What’s in a game: The insatiable pursuit


A Nike commercial once urged viewers: “Listen, if you can run a mile, run a race. You know what, run a marathon. Outrun a movie star. If you can play table tennis, serve like that. Beat the champs. Beat her mentor… beat Serena [Williams].”

The subtext of these words characterizes all athletic achievements: once you have achieved something great, achieve something greater. Be better, be the best. There is always another record to break, race to win and year to dominate a championship. 

This endless pursuit of achievement seems to be built into the nature of athletic competition, and even integral to the very essence of humanity. It motivated Achilleus and Agamemnon to be aristos, “the best,” and it motivates Olympians to compete for gold medal after gold medal. Competitive athletics reveal that men intricately want to supersede their own humanity.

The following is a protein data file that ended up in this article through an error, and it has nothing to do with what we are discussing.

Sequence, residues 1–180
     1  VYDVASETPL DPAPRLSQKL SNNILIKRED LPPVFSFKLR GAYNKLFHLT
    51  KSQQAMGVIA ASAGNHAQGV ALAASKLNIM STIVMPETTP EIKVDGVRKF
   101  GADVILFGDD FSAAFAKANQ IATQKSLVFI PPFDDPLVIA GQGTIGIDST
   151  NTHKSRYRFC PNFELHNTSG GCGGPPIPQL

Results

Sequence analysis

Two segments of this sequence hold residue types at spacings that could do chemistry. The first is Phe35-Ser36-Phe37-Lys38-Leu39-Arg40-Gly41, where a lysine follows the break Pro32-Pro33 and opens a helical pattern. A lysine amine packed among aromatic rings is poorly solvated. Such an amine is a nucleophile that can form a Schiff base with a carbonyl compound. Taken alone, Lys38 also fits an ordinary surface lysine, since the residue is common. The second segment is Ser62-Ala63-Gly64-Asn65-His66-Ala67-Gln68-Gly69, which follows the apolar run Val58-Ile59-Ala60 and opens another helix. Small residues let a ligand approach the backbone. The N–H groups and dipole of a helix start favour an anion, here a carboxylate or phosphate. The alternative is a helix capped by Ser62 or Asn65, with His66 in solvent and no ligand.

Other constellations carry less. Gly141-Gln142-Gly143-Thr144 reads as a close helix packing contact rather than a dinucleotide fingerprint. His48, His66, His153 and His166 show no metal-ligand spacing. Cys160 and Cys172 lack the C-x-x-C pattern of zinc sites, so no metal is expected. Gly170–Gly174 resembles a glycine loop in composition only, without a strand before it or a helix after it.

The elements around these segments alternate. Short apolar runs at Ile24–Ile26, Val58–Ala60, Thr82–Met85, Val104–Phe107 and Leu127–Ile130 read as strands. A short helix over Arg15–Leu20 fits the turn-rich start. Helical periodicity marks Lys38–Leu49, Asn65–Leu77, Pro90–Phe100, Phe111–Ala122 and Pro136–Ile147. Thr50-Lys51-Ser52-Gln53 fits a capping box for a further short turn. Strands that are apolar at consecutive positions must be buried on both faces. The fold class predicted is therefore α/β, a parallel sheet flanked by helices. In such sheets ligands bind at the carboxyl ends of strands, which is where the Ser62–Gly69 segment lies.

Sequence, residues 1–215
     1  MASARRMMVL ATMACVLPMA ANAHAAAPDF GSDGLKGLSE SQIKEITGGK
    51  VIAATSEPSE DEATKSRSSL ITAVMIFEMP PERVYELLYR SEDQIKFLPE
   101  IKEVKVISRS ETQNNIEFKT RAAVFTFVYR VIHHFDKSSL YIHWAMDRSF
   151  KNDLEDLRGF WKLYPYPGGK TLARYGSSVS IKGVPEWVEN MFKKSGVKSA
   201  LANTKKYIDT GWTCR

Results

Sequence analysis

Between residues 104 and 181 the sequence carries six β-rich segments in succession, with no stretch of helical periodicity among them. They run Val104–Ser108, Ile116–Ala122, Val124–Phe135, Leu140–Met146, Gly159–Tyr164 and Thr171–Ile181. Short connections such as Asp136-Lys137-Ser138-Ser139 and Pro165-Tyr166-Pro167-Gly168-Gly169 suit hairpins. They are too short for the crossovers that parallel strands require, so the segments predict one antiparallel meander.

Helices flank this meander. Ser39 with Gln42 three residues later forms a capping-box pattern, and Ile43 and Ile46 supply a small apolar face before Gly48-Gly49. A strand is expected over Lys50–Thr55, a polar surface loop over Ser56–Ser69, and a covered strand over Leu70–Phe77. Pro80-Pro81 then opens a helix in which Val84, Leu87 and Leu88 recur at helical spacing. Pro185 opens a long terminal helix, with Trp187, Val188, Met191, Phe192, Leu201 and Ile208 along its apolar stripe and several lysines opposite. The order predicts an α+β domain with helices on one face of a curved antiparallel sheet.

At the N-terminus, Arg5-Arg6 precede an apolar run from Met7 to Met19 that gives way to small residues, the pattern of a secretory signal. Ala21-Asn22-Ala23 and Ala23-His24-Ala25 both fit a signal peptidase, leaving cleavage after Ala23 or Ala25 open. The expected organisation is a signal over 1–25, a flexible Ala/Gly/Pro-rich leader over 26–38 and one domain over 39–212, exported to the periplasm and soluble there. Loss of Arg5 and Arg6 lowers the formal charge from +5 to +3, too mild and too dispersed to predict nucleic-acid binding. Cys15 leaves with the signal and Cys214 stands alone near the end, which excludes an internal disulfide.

The insatiability we find in athletics reminds me of the words of C.S. Lewis: “If I find in myself a desire which no experience in this world can satisfy, the most probable explanation is that I was made for another world.” 

Lewis speaks here from the basic premise that our desires were made by God to be satisfied. The desire to defy the limits of our own humanity, which we see in the pursuit of athletic achievement, is therefore also meant to be satisfied. And since our own humanity can’t fulfill that desire, Lewis points us to God. 

The ultimate fulfillment of the human desire to be the best is the entirety of the Christian project. It is the mystery underlying the Incarnation, the Eucharist, and the second coming: transformation. Instead of destroying our nature, God wants to perfect us into Himself. We desire to be more than human because our humanity is intended to be transcended.

I do not mean to cast athletic competition as a futile pursuit of transcendence or belittle the achievements of great athletes. Rather, I think that this understanding of athletic competition gives us all the more reason to achieve great things. Let’s outdo our own greatest achievements and exceed the limits of our own humanity because we were not made for this world in the first place. 


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